The inaugural tour of Nevada is in the books, and overall, the reviews are very positive. Nevada, Missouri, hosted two days of criterium racing this weekend. The city itself jumped on board with this event and provided a great venue and fun atmosphere for the participants.

Saturday’s twilight criterium was a very technical, 1.2-mile, 12-turn course. Riders we talked to loved the course and its technical nature. Kelly Skinner of Midwest Cycling Community KC thought the course was great but did have some suggestions for improvement in future editions of the race, “The only thing was they needed more lighting on the backside, as well as having the barriers more obvious, showing which way the upcoming turn was going to be. It got a little confusing in the dark with that many turns.” Skinner felt that the corners were wide and safe and the course was fast and fun, ” [I] would definitely do it again!” Sunday’s course was a classic 4-corner criterium. Riders also felt this course was very safe. Ross Given of Team Sho-Air KC/ echoed that sentiment, “It felt like one of the safest courses I have ever raced on.”

We organized a Q&A session with the event’s promoter, Nick Hand. He was very happy with the success of the event’s first year and has long-term goals of building this into a major regional event.

What are your thoughts on this year’s event?

“I was really pleased with the event this year. The turnout was fine for the first year, and the strength of some of the fields was really good. I was for sure worried that we would be looked over by a lot of the strong teams and athletes, but I think the prize money on offer really helped to bring out some big guns.”

Does anything about the race weekend stand out, or does any athlete stand out?

“The course on Saturday night was a big plus for the weekend. Over and over, I heard people say it was the best course they had EVER raced on. That is a big compliment to Eric Finks, who designed the course, and the city of Nevada that keeps its roads in great condition.

“It was hard to choose an athlete that might have stood out to me because there were so many strong guys. Brian Jenson from Trade Winds was strong the first night and threw attack after attack at the field. Really I was super surprised that he wasn’t able to hold out for the win after seeing his speed. But Jim VanDeven, Dog Fish, was also chopping on Brian’s heels all night and was able to pip Brian at the line for the win. Other guys that come to mind are Josh Johnson from Gateway Harley, who made the night’s break and looked strong the whole time. Grant Erhard from my team, Quantum Mesa Cycles, also made the break, made his first race podium as a cat 2, and took the first prime of the night. I was excited that we had Matthew Kelley from the South Chicago Wheelmen come down. That guy is a great sprinter and made the break as well. He also told a couple of Sammy’s Racing guys to come down, Sean Metz being one of their powerhouse guys racing even with a broken hand!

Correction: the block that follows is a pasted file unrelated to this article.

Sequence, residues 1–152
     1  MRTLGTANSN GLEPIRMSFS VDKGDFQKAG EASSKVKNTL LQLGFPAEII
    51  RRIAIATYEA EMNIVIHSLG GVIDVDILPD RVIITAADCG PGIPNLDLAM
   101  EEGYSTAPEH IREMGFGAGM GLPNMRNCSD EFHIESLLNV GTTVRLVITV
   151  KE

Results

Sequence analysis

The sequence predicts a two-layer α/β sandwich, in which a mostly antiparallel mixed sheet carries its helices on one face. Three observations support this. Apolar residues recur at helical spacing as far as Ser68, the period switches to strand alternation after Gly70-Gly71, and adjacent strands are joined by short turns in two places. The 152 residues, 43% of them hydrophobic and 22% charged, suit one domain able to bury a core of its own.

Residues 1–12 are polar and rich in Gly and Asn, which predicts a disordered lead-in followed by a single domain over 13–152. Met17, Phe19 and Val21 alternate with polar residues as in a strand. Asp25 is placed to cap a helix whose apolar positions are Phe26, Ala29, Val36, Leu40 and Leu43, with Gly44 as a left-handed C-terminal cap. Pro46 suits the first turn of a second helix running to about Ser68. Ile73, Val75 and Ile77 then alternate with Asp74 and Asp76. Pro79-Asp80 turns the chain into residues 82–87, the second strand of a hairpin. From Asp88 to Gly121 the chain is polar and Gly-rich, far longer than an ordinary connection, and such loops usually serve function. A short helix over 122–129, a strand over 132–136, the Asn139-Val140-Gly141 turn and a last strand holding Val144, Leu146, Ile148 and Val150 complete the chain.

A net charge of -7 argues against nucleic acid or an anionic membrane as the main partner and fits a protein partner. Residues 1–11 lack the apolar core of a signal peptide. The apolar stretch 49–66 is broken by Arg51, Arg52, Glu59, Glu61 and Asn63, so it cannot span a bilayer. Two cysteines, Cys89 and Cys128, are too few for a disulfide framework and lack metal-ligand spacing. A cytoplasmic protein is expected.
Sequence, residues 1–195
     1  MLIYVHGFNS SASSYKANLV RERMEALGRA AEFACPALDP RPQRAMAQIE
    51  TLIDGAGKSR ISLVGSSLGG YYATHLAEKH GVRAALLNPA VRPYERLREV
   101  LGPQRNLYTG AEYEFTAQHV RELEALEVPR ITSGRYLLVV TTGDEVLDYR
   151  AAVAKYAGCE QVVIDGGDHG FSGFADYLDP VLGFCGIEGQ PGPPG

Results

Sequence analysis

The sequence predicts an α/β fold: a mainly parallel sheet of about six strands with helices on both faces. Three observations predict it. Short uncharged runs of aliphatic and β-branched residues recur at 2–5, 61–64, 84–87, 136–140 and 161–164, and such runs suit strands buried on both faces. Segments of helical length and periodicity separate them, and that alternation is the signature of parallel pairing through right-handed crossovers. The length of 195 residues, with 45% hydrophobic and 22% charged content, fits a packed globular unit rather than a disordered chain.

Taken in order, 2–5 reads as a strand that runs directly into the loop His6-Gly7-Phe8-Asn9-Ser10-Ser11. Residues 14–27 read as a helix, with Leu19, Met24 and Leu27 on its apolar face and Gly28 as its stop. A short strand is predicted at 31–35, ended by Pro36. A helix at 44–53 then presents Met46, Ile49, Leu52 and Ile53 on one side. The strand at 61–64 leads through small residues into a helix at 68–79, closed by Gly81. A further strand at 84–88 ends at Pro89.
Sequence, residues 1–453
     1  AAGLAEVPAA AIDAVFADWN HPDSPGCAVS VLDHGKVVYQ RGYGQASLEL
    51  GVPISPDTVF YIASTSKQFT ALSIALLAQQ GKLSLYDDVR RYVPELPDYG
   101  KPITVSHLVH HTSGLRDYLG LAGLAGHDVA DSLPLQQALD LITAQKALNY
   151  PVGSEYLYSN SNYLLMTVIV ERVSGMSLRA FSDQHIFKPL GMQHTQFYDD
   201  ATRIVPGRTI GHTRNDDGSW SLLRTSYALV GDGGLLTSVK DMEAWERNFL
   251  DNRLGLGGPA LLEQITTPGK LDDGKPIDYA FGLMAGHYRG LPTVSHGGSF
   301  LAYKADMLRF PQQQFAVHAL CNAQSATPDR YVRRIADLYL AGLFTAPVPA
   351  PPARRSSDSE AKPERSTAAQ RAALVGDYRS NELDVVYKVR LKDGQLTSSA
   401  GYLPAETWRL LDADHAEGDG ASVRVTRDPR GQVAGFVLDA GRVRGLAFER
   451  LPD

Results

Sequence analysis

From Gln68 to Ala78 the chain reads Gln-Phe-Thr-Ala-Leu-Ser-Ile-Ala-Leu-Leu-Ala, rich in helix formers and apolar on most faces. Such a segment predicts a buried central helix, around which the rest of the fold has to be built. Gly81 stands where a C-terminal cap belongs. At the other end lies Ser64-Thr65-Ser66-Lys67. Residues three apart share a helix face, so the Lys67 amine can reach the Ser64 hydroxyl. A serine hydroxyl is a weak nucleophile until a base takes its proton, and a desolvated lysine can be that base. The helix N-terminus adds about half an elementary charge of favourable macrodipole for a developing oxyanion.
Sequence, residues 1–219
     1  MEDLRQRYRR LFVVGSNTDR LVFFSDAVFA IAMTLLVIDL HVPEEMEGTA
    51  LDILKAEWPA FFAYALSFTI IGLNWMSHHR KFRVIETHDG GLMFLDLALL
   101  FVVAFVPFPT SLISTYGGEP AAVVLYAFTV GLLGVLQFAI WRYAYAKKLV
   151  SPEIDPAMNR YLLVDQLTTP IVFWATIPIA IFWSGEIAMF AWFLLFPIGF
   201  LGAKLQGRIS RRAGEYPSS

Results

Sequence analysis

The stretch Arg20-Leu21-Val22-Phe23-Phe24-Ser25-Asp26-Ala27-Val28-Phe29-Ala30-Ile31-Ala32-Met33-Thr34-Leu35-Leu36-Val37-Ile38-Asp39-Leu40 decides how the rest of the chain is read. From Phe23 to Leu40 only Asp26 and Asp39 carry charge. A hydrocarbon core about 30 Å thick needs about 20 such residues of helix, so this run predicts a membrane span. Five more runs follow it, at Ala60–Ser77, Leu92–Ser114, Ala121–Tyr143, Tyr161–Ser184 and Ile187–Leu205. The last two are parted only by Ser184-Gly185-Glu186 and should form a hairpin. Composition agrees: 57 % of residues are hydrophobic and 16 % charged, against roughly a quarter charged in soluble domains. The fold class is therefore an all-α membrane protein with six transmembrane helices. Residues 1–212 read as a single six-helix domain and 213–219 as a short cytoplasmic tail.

“Cameron Rex made a great move in the closing laps of the race and would have been almost able to hold off the pack if it wasn’t for my team Quantum Mesa Cycles doing a great lead-out for our sprinter Luke Bligh. Luke was able just to pip Cam on the line, but it was a great effort.

“The last thing to stand out was the big-time primes on offer for the weekend. We had a $500 prime on Sunday that was taken by Devin Clark, who drove from St Louis just for the race. Not to mention the two $250 primes, the three $100 primes, and a gang of $75 primes. This made it a race worth the drive.”

This is the event’s first year; how did it come about?

“Eric Finks and I were working on a race in Clinton, MO, Eric’s hometown. We were getting close to finishing things off there when the city decided to drop us and cancel the race. We were pretty bummed and didn’t want to give up our date on the MO calendar. Christa Atchison just happened to talk with the city manager, JD, and his assistant, Julie, and the race was on there. They were looking for something to promote health and fitness in their area and something fun for their residents. ”

What made you choose to hold the event in Nevada?

“They wanted a race! I wouldn’t have done it otherwise. We had a few requests for how we wanted it done, and if they were okay with that, we would do the rest. It also was in an okay location. Near Kansas City and Fayetteville, the drive wasn’t horrible from St Louis. It was more or less like a Tulsa Tough location, we felt. Heck, even some Texas teams were looking at making the trek. Maybe next year.”

Has the local community embraced the event? If so, how?

“Yes, totally. Nevada was so excited to have us. They loved the races and were really happy with the turnout. They were already talking about how to make it better for next year. They had news crews come out to the races, they were very friendly, it was just a great atmosphere.”

Any changes or additions to next year’s event?

“Just some things that you don’t think of until you live an event. We are just going to get more professional looking. We have ideas for what we want to do but we want to make sure we are putting on a quality event before we start to do more.”

What are you long-term goals/plans for this event?

“To become a regional or national caliber event like MO Pro, Gateway Cup, Tulsa Tough, ToAD, Glencoe, ToL, races like that. Nevada is already talking about expanding the racing and we are all about it. Just want to make sure we keep improving the quality. We feel like we have set the bar high in the first year and we are going to aim to beat that from now on.”

Event Website

Photo Credit: Time Fleenor